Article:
You aren’t any star-sign. Those stars are illusions, many are long dead, as dead as many of the gods ancient peoples populated the same black and twinkling sky with.

You are not preferred by the creator of the universe, if there is one, simply because you submit to the will of an imagined tyrant and his earthly storm troopers. You are just a human being, equal in worth to all others. You are not superior and it does not matter how many thinking people you hack down with your weapons. You will never be so. Instead be equal with us all, we brothers and sisters in being and in thought, who wish to live in peace. Who don’t claim that we know all there is to know, but love the capacity to think and to question as a means to navigate those mysterious stars. Stars that don’t spell out your destiny, but that illuminate the darkness, as thought does ignorance.

Tiananmen Square: 25 years on

I was in China in 1994. I was acting over there, in the Shanghai International Shakespeare festival. I was young and wide-eyed. I still have quite big eyes.

Anyway, with my companions, I went to Tiananmen square, and had a small experience, about which I wrote a poem, that evening.

It isn’t very good, it approaches doggerel in fact, but I remembered that I had written it today, on this anniversary of the massacre that the Chinese government still refuses officially to acknowledge.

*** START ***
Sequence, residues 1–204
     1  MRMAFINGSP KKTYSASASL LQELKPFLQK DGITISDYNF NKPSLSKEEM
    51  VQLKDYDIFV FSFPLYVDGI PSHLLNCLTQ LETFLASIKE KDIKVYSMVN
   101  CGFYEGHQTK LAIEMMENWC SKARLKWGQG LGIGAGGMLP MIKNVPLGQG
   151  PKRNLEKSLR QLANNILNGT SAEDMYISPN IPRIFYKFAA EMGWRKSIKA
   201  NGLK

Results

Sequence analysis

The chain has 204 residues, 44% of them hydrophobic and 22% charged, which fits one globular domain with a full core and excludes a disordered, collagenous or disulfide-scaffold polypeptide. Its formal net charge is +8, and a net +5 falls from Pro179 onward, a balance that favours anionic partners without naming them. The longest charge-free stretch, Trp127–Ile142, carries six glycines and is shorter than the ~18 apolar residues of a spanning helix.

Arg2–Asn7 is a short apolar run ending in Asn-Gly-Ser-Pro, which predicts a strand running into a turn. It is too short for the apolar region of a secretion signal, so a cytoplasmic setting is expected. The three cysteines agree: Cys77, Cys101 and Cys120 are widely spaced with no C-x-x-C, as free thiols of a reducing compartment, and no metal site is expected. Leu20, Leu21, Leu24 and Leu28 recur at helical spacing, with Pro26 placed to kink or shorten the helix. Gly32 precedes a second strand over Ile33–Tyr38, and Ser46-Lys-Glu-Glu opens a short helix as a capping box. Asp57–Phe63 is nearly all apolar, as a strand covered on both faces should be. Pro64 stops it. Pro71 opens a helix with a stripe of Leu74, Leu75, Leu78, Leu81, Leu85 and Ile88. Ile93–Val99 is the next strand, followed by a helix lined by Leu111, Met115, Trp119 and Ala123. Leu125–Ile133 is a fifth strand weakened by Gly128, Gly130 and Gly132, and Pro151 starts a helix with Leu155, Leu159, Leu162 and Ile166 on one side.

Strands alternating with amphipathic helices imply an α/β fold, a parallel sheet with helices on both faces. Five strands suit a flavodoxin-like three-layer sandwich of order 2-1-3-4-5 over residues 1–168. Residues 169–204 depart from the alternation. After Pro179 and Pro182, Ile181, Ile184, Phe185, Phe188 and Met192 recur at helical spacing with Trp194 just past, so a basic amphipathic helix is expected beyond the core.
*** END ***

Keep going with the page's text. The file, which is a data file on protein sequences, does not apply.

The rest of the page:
I reproduce the poem faithfully – doggedly – below:

There are pockmarks in the paving of
Tiananmen square
There are the young and the old
as the sun sets
behind the Forbidden City

We are tourists, with our votes
and our dollars
the bicycles fly past us, and

the soldiers march
across The Square

We met two young men,
by the flowers

built to depict a rising Phoenix.

Students, like ourselves,
at “the Peoples’ University”

We sat on the ground, cross legged
Louisa joked, it was “a sit down protest”

We all thought of tanks.

We sat and we talked
of our different worlds met there
and the crowds milled past

‘as westerners you will have heard of the massacre here no doubt, in 1989’

We looked into his eyes.

Two men in suits refused to mill
they stood nearby
listening and watching

He broke off and looked at the men.
Stopped speaking,

turned back.

‘It was not as bad as it was reported as being’ he said.

I looked down at the fresh paving stones,
at the pockmarks
on the old.

The men in suits and sunglasses conversed with a soldier

We offered to buy our new found friends lunch, and we walked the Beijing streets.

I saw a three year old girl
fall off her father’s bicycle
to the street below,

watched her get up without a tear, back onto the bike.

At McDonald’s they took their first bites
of Mcfreedom.

Both their first bites were their last.

‘This isn’t food’, they stated, matter of factly.

We said goodbye, outside.
With a plastic effigy of Ronald McDonald grinning from a bench.

They went off to unlock their bikes.